Entering Law School: What You Need to Know
Every good Boy Scout knows to be prepared, and so should every aspiring law school candidate. You should start preparing for the LSAT in your last year of college, or soon after you graduate. Look into the deadlines for law school applications, and know that the sooner you apply the better. Applications roll into law school admissions offices in waves, the last and biggest of which crests around the deadline date. The sooner you can get your application in front of an admissions officer, the better your chances of getting in. Register with the Law School Admissions Council (LSAC) and for the LSAT online or by mail. Be prepared to demonstrate your aptitude, both on the standardized tests and your application, and also by way of a personal interview, which is sometimes required by a law school.
In the end, the process is similar to what you did to get into college. Although, the competition is generally more intense at this level, and fewer applicants make the cut.
Let's take a closer look at some specifics.
The LSAT is a comprehensive exam not unlike the SAT or the Graduate Management Admission Test (GMAT), but unique in that it is designed specifically to assess your readiness for the rigors of law school. There are five 35-minute sections to the test, four of which count toward your final score: reading comprehension, analytical reasoning, and two logical reasoning sections. To pass, you must demonstrate proficiency in each category. There is also a writing sample that isn't factored into your score but is sent to each of the schools you apply to. The test is scored on a scale of 120-180.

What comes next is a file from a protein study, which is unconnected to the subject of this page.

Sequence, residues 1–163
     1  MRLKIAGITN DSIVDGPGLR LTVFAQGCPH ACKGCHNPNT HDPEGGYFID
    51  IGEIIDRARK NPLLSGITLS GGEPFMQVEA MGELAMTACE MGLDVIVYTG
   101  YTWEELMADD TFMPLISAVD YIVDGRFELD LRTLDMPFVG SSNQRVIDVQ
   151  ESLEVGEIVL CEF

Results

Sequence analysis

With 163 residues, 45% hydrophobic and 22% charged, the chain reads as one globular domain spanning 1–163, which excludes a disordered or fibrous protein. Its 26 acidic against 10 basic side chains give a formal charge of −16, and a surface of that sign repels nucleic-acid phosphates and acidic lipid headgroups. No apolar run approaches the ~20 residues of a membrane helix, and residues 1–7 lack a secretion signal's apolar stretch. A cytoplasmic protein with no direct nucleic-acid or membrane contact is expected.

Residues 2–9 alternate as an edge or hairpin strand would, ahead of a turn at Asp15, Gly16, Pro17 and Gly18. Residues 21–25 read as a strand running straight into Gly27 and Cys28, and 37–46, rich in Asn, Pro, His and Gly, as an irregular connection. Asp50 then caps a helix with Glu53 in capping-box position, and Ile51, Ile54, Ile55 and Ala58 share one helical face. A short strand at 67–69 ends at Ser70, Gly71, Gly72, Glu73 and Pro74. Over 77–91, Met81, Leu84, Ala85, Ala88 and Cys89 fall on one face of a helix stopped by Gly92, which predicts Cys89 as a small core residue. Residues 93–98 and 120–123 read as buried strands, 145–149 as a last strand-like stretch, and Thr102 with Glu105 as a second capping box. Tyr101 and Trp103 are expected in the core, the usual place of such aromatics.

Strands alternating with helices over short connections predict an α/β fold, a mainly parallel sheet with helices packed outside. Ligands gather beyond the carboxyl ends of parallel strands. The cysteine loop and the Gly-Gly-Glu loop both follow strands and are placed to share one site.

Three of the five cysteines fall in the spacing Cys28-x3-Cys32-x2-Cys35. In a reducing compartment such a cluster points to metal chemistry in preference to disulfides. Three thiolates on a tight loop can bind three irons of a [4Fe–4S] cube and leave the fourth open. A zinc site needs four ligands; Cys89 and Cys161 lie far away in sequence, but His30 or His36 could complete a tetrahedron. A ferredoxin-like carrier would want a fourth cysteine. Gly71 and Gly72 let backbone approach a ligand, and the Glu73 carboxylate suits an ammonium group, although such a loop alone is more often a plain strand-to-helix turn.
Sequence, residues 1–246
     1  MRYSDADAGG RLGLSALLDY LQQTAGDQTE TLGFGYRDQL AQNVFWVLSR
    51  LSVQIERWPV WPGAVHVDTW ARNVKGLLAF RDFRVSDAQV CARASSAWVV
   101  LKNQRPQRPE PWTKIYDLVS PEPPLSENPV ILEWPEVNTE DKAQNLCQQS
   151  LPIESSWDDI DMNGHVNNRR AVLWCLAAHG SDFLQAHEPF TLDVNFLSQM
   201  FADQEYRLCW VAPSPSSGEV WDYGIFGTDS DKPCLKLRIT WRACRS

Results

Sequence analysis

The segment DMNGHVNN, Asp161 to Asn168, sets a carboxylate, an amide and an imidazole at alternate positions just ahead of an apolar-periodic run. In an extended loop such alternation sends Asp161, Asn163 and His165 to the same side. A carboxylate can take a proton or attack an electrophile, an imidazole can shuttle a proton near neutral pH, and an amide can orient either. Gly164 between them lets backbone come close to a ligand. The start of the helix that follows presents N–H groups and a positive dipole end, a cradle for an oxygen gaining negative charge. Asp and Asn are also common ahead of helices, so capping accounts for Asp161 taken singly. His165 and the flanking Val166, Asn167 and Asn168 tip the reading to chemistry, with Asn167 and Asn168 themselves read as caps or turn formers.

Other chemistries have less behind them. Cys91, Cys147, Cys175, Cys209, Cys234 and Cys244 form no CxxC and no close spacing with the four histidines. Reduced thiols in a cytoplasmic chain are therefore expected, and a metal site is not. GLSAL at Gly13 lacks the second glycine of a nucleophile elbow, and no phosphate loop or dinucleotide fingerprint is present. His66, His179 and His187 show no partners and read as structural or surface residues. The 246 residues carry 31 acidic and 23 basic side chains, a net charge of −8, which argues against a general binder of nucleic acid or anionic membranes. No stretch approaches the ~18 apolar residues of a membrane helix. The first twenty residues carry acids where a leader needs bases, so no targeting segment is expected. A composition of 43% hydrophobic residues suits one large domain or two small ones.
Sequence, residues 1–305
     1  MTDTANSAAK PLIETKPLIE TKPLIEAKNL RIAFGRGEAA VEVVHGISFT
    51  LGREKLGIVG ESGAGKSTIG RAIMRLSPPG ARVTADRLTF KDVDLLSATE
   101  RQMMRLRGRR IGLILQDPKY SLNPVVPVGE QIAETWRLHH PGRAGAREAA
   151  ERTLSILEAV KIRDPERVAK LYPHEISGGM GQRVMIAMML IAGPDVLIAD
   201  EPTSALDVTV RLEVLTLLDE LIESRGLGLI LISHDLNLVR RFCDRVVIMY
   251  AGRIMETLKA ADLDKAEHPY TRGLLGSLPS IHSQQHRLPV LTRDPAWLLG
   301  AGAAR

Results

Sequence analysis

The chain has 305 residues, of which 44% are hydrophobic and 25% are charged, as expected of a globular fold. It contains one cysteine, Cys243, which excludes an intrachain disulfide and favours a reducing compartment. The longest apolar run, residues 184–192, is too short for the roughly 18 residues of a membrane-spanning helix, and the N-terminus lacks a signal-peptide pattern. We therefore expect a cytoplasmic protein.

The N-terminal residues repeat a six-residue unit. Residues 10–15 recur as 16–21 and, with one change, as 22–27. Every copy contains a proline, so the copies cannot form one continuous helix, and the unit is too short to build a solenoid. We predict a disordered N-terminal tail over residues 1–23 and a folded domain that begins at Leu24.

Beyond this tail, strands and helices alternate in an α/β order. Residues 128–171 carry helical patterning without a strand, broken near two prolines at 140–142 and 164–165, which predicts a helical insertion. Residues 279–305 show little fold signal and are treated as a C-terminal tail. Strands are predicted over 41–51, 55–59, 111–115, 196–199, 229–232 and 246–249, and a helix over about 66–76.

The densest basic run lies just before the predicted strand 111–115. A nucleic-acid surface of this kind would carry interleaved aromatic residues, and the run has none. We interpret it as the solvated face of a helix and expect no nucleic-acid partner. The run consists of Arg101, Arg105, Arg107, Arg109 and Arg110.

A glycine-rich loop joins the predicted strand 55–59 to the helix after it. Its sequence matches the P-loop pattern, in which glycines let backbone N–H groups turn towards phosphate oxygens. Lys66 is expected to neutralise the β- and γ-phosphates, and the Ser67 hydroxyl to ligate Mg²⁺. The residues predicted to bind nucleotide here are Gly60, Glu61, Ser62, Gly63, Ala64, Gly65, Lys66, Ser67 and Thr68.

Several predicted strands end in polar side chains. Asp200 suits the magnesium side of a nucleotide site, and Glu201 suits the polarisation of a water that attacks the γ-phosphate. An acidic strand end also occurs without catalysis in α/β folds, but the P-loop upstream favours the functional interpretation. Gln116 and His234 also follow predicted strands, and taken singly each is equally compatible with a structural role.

The LSAT is administered by the Law School Admissions Counicl (LSAC). It is offered four times a year in every state, usually at major universities. You apply to take the test through the LSAC, and the LSAC submits your scores to the law schools you apply to.
In a way, the Law School Admissions Council is the great and powerful Oz of the world of law school. It acts as a clearinghouse for the entire application process and its central nature helps ensure a standardized, fair and streamlined set of procedures:
- You first send your official transcripts and letters of recommendation to the LSAC, which forwards them along to the schools you're applying to.
- The LSAC determines where the LSAT will be held in your state.
- Your LSAT scores are sent to the LSAC first and then to you.
ABA Accreditation Where you go to law school is determined in part by your performance on the LSAT and by the quality of your undergraduate work (your GPA). When making the selection, you should look for American Bar Association (ABA) accredited schools. Only a student who attends and passes an ABA accredited school is permitted to sit for the Bar Exam in his or her respective jurisdiction. This function of the ABA, like the LSAC, allows for a unified national body of lawyers, with level standards and without the fragmentation that might occur if no governing body existed.
You made it through the acronyms. You feel prepared for the process of getting into law school. Now, how will you pay for it all?